The evening terror gives way to a temporary daytime ecstasy, with Kerouac delighting in the little things, the forest creatures and the local mule. "Alf" was the pet of one of the locals, interviewed onscreen. The author even mentions in his prayers a favorite shirt that he got for free at the Watsonville dump.

First boredom set in, and then panic: Kerouac writes that he loses control of "the peace mechanism of my mind for the first time in my life." Though eloquent on the misery of too much drink (Big Sur's Chapter 21 deserves excerpt in an anthology on alcoholism), Kerouac heads for the boozepots of Frisco. He can't escape himself: "a bent back mudman monster," a Sisyphus up to his legs in boiling waste. By the end, he has visions of a society of hideous human vultures, who enslave him to serve as their scullion. (I wonder if R. Crumb got his evil vulture women from this book?)

The last third of Big Sur records an affair that goes south fast. Some of this material was probably off-limits for legal reasons, since literary historians identify the real-life version of Billie in the novel. What One Fast Move or I'm Gone avoids is what Bantam's purple prose is getting at: child-endangerment scenes that one hopes was just Kerouac's fiction. In the novel, Elliott, Billie's child, stands in the bedroom and watches Dulouz and his mother having sex. ("That's good, he'll learn," she says.) Worse, Billie has a just-out-of-the-joint pedophile best friend who is always chuckling to Dulouz about how he can't wait to kidnap one of the cute-bottomed 10-year-old girls in the neighborhood.

All this ugliness leads Dulouz to the pit, being held down in Big Sur, glued to Billie with his sweat in a sleeping bag ... before he's finally relieved from his torments by a sacred vision.

One of Kerouac's former teachers compared the author's senses to Poe's Roderick Usher. And you think what Kerouac is sensing is the full nutzoid extremity of the 1960s, all that polysexual anarchy about to burst in the face of a gentle, gently reared author.

The Big Sur trip was a farewell to the three-cornered love he had for the Cassadys. Neither Jack nor Neal would make it out of the 1960s alive. Ultimately, poet Gregory Corso's judgment of Big Sur seems the sanest: "He needs help."

This good and well-researched documentary is an intro to the book. It serves as a reunion for the class of 1960. It brings in images of this rough coast at its most lambent and calendar-picturesque. But visually speaking, it doesn't capture the vicious turbulence, the mountains of madness behind this novel. That kind of horror needed a David Lynch or a Fritz Lang.

ONE FAST MOVE OR I'M GONE: KEROUAC'S BIG SUR, a documentary by Curt Worden, has its world premiere Friday, May 9, at 7:30pm at the Del Mar Theatre, 1124 Pacific Ave., Santa Cruz. Tickets are $20 general/$18 seniors and students. Following the film, ticket holders are invited to an afterparty at the Museum of Art and History, featuring jazz, food, drinks and readings of Beat poetry by Morton Marcus, Jami Cassady and others. For information visit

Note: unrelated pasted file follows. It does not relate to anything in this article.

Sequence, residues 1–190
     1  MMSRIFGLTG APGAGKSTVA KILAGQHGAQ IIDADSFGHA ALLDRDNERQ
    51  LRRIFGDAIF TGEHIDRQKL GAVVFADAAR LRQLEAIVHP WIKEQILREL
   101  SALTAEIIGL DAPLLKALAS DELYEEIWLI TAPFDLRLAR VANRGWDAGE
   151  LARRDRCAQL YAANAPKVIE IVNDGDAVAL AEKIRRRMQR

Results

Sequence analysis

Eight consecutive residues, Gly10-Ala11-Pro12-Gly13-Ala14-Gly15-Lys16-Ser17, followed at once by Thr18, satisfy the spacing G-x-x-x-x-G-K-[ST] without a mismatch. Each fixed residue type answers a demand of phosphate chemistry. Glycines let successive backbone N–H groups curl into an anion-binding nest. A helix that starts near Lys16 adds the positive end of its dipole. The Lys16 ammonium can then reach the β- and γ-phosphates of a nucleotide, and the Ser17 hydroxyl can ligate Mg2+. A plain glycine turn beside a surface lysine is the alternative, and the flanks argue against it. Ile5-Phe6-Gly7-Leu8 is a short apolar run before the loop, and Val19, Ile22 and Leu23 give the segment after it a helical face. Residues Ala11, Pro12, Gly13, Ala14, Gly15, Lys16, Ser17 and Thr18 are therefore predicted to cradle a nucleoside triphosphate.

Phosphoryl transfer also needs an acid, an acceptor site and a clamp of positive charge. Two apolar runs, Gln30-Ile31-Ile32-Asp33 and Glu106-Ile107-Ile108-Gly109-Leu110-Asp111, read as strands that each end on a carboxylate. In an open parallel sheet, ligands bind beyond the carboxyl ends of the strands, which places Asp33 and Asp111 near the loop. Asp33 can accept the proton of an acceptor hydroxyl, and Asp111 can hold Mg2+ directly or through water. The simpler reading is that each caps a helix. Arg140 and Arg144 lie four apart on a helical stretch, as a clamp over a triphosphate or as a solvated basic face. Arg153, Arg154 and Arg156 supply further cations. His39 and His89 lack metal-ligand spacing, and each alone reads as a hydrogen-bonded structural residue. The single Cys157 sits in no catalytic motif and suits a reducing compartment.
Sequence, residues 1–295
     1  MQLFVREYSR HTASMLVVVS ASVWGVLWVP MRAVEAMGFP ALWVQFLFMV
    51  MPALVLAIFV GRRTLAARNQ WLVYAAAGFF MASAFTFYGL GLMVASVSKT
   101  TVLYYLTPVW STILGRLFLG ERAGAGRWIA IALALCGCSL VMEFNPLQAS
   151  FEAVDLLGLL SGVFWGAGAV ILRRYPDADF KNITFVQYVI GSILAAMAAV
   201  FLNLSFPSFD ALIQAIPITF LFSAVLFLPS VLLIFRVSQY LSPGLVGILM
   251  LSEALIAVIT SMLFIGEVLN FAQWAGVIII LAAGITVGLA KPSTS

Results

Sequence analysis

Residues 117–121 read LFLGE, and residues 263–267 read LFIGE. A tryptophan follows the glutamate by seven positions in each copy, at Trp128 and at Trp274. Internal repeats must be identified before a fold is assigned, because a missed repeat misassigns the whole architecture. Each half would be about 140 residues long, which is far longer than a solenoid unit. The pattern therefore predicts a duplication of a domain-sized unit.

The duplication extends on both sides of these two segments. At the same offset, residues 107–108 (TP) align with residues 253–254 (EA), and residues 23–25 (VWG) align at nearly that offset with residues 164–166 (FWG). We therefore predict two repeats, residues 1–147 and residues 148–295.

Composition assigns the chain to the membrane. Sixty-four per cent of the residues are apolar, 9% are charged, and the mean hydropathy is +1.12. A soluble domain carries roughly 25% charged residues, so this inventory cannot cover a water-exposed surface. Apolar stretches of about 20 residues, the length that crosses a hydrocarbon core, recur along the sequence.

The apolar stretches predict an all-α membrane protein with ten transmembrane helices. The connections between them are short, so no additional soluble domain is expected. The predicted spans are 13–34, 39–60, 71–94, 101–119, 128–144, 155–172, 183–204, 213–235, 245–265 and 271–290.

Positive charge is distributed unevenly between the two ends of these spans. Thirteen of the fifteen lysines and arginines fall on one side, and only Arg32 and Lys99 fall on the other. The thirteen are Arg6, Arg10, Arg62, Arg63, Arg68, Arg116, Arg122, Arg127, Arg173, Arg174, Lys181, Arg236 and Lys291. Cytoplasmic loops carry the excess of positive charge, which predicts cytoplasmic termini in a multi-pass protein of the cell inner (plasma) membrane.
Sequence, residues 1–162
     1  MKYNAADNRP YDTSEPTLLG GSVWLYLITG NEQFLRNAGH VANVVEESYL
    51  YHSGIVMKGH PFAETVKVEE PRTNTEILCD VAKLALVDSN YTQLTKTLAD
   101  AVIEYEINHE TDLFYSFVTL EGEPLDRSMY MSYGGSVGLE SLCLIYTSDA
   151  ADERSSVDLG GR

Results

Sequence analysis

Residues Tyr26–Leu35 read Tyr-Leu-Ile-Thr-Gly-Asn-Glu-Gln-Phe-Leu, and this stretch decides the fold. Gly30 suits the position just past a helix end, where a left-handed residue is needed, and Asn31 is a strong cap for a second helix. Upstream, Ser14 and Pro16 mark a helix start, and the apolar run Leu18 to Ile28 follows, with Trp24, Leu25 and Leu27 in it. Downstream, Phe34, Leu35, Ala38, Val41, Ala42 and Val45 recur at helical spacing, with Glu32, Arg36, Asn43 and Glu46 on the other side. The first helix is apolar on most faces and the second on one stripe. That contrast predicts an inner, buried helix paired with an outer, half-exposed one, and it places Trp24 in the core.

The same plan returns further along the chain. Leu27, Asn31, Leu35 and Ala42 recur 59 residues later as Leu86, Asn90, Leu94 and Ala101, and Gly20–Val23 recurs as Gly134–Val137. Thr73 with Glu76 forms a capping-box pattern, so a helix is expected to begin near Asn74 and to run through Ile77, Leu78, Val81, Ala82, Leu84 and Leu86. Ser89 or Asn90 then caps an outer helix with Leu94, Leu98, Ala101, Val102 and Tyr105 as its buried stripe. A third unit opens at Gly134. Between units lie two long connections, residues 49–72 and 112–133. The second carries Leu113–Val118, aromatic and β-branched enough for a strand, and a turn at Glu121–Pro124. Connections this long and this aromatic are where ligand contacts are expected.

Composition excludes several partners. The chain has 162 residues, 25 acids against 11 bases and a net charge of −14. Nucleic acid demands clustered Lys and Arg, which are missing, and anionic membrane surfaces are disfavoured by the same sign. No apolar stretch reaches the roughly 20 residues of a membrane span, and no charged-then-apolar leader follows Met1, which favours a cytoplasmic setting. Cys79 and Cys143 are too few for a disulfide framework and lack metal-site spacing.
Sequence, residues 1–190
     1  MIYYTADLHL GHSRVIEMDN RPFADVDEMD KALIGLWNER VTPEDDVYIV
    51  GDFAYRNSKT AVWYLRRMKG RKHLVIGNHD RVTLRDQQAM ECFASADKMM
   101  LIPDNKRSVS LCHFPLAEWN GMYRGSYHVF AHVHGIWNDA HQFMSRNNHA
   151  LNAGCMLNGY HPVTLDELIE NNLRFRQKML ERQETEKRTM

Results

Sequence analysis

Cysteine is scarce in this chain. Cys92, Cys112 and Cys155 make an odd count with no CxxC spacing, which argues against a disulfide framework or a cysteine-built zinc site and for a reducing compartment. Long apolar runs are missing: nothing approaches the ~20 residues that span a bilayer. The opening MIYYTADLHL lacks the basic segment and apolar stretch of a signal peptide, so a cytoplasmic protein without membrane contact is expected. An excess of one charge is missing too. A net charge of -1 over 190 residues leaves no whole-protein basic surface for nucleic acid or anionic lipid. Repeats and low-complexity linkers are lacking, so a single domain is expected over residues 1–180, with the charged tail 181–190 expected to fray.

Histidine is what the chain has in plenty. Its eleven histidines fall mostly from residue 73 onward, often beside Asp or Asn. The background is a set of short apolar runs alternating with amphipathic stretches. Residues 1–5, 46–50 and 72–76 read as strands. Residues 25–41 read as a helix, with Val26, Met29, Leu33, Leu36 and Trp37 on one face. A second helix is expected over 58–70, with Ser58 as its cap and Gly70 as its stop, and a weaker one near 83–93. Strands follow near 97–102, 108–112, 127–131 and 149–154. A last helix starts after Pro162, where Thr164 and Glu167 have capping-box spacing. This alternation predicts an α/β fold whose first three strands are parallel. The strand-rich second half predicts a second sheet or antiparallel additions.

The Facts of Life

Documentaries rule the day at the seventh Santa Cruz Film Festival

By Traci Hukill

If today's blockbuster films are cinema's bestselling novels, then documentaries are its magazine articles, its earnest Nation commentaries and titillating Vanity Fair exposes. They are stories constructed from fact, presented with varying degrees of sincerity, entertainment value and skill. While any claim to objectivity is naive, documentaries do us the good-tasting, good-for-us favor of allowing us to glimpse the world through someone else's eyes. At the same time, we get to snap up a few cocktail-party-worthy factoids for later deployment. It's the fun part of education without the work.

This week's Seventh Annual Santa Cruz Film Festival showcases the documentary in all its fascinating, flawed and edifying glory. For eight days starting this Friday, the festival will screen 41 documentaries from around the globe along with its quality feature offerings, presenting audiences with a chance to explore little-noticed conflicts, victories, points of view and obsessions around the world.

One of the worthiest must be The Listening Project, by the team of Dominic Howes and Joel Weber. The two travel to 14 countries to learn the answer to the question: What do you think of America? The questions posed by the four ordinary Americans who serve as the project's correspondents evoke impassioned, complex responses from the Afghans, Israelis, Palestinians, Japanese, South Africans, French and others who are interviewed. There's something new here for both the people who think "they hate us for our freedom" and those who believe they hate us 'cause we're pigs. The Listening Project screens on Tuesday, May 13, and on Friday, May 16.

One wonders what the Kosovo Serbs interviewed in View From the Bridge think of the United States. U.S. coverage of the divided Serb province, now on an uneasy if internationally sanctioned path to independence, usually skews toward the Kosovar Albanians, who name boulevards and hamburger stands after their hero "Bill Klinton." But this piece takes an unusually even-handed approach to chronicling the pain engendered by six centuries of ethnic strife. Part of it is that Laura Bialis and John Ealer enlisted the services of an ethnic Albanian journalist and a Serb soldier-turned-nonprofit organizer, both Kosovars, for the film (tellingly, the two only met once, on the tense bridge of the film's title to exchange some tapes). This no doubt gave the team entree to segments of society that would otherwise have been closed to it; Kosovar Serbs in particular are understandably nervous about outsiders.